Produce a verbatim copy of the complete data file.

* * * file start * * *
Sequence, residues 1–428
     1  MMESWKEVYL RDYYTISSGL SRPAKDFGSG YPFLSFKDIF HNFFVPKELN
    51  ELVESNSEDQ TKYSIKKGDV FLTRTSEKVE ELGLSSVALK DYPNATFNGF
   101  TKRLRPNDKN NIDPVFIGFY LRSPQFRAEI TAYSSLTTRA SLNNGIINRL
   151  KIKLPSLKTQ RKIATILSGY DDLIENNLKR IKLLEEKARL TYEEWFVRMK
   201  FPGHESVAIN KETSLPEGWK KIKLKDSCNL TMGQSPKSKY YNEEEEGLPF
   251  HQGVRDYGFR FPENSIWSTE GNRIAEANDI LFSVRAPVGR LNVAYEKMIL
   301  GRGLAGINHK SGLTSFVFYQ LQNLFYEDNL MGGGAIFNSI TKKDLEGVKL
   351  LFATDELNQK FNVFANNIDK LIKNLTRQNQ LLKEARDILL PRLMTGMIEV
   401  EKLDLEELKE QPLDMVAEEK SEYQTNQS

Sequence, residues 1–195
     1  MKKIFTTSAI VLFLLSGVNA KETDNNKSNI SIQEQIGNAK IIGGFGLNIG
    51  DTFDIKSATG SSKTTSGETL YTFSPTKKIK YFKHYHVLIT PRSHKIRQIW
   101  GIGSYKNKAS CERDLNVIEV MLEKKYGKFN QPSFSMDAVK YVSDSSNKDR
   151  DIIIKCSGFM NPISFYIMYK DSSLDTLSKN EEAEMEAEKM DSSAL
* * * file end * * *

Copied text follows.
Sequence, residues 1–428
     1  MMESWKEVYL RDYYTISSGL SRPAKDFGSG YPFLSFKDIF HNFFVPKELN
    51  ELVESNSEDQ TKYSIKKGDV FLTRTSEKVE ELGLSSVALK DYPNATFNGF
   101  TKRLRPNDKN NIDPVFIGFY LRSPQFRAEI TAYSSLTTRA SLNNGIINRL
   151  KIKLPSLKTQ RKIATILSGY DDLIENNLKR IKLLEEKARL TYEEWFVRMK
   201  FPGHESVAIN KETSLPEGWK KIKLKDSCNL TMGQSPKSKY YNEEEEGLPF
   251  HQGVRDYGFR FPENSIWSTE GNRIAEANDI LFSVRAPVGR LNVAYEKMIL
   301  GRGLAGINHK SGLTSFVFYQ LQNLFYEDNL MGGGAIFNSI TKKDLEGVKL
   351  LFATDELNQK FNVFANNIDK LIKNLTRQNQ LLKEARDILL PRLMTGMIEV
   401  EKLDLEELKE QPLDMVAEEK SEYQTNQS

Sequence, residues 1–195
     1  MKKIFTTSAI VLFLLSGVNA KETDNNKSNI SIQEQIGNAK IIGGFGLNIG
    51  DTFDIKSATG SSKTTSGETL YTFSPTKKIK YFKHYHVLIT PRSHKIRQIW
   101  GIGSYKNKAS CERDLNVIEV MLEKKYGKFN QPSFSMDAVK YVSDSSNKDR
   151  DIIIKCSGFM NPISFYIMYK DSSLDTLSKN EEAEMEAEKM DSSAL